Government accused of breaking strict Civil Service rules in its rushed appointment of Sir David Higgins
His rise to chairman has been criticised as 'rushed', with the decision having been made in a 'panic'
The Government has been accused of breaking strict Civil Service rules in its rushed appointment of Sir David Higgins to rescue the heavily criticised plans for the £42.7bn High Speed 2 railway.
Sir David, the man who oversaw the much-lauded construction of the London 2012 Olympic Park and who is currently in charge of Network Rail, was hailed as HS2's potential saviour when he was named as chairman last month. However, the appointment came suddenly, alongside the surprise resignation of Douglas Oakervee, who had endured a difficult year of spiralling costs and the threat of losing cross-party support.
The role was not advertised and headhunters were not instructed to find a replacement for Mr Oakervee, which is contrary to public sector appointment regulations designed to ensure a fair selection process.
One senior rail source said that "every Civil Service rule in the book has been broken". Even Margaret Hodge, chairwoman of the powerful Public Accounts Committee, who is supportive of Sir David's "fantastic" record, told The Independent on Sunday that it "would have been better to have handled the process properly" and that the appointment had been made in a "panic".
A Department for Transport spokesman said this weekend that Sir David's recruitment was "completely above board". Sir David Normington, Commissioner for Public Appointments, agreed that HS2 could hire Sir David without a competition to "ensure a smooth and swift transition", which is allowable in exceptional circumstances.
However, rail sources argued that the situation did not warrant a waiver, given that the first London-to-Birmingham phase of HS2 will not be completed until 2026. "Higgins doesn't take up the role until 1 January. If it was that exceptional, he would have started on 1 October," an industry source argued.
Although Sir David was an obvious candidate for the role, as he is leaving Network Rail early next year and the construction industry had pushed for him to be involved, the Australian would not have been the only strong candidate had there been a formal selection process.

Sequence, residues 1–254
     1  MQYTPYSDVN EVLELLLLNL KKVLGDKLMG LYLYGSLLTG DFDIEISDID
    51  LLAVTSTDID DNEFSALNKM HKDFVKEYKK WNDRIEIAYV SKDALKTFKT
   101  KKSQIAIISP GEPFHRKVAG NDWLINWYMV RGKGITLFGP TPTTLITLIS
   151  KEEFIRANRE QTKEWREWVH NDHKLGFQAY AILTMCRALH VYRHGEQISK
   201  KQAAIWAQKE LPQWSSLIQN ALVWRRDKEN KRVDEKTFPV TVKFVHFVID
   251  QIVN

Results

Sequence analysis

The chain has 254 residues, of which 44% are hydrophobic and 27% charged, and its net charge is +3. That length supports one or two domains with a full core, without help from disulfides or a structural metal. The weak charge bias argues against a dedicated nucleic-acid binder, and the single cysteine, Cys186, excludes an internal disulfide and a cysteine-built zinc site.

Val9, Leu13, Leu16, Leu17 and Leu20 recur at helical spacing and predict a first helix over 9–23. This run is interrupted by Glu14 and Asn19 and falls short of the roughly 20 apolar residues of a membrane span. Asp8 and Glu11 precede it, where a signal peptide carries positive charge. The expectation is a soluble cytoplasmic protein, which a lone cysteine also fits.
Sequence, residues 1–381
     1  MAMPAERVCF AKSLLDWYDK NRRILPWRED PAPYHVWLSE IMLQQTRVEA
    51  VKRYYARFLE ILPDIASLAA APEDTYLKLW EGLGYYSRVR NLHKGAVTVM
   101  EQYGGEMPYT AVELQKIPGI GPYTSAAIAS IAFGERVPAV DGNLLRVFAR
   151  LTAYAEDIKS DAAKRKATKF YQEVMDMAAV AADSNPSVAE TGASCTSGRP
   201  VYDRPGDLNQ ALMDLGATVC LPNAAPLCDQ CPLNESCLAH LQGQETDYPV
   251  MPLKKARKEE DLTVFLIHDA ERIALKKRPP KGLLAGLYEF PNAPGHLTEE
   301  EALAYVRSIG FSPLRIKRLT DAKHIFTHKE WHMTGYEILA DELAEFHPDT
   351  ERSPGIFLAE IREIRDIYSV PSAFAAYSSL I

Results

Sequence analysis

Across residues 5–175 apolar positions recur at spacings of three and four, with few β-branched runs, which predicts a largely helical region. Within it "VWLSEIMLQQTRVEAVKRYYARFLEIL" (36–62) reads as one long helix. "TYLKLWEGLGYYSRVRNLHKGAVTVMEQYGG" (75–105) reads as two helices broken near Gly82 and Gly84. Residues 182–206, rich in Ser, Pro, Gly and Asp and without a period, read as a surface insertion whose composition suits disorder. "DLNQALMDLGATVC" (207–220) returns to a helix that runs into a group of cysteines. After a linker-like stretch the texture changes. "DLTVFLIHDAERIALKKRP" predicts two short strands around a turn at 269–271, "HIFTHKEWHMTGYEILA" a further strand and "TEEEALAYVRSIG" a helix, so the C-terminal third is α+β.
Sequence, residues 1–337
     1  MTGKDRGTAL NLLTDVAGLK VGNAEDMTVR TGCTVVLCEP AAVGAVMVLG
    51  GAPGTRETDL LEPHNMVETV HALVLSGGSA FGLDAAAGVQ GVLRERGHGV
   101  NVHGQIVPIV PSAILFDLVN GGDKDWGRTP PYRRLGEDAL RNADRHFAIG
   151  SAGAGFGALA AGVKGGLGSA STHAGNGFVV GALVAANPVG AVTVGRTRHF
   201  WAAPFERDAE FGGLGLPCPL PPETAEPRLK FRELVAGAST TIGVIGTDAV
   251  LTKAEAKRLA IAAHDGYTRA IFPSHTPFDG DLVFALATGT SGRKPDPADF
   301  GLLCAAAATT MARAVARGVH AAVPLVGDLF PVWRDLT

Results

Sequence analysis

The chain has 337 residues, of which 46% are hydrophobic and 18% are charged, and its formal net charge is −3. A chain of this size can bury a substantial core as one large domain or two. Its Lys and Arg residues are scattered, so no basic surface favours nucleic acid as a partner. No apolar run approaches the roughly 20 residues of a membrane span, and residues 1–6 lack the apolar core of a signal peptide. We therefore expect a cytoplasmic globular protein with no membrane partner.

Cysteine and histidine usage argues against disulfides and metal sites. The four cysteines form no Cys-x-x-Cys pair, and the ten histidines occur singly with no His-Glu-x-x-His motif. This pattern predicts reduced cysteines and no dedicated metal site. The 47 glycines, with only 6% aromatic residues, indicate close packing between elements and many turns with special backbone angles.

Industry sources have pointed out that there would have been at least six other possibilities for the job: Terry Morgan, the current chairman at Crossrail; Sir David Rowland, who held the job before Mr Oakervee; Rob Holden, who led the construction of High Speed 1; Sir Adrian Montague, who has previously been in the running for the job; John Armitt, who has just completed an infrastructure review commissioned by the Labour Party; and Simon Kirby, a senior colleague of Sir David at Network Rail.
Mr Kirby is thought to be considering his position at Network Rail, having failed to be named as Sir David's successor. A former oil executive, Mark Carne, is to head up the state-backed organisation.
The news comes as HS2 supporters wait to hear who will be the minister responsible for the railway. Simon Burns resigned on Friday to run as Deputy Speaker in the Commons.
A DfT spokesman said: "A lengthy recruitment campaign would have risked not having a new chairman in post when Doug Oakervee steps down. The appointment of Sir David is the right move for a project so vital to our economic success."
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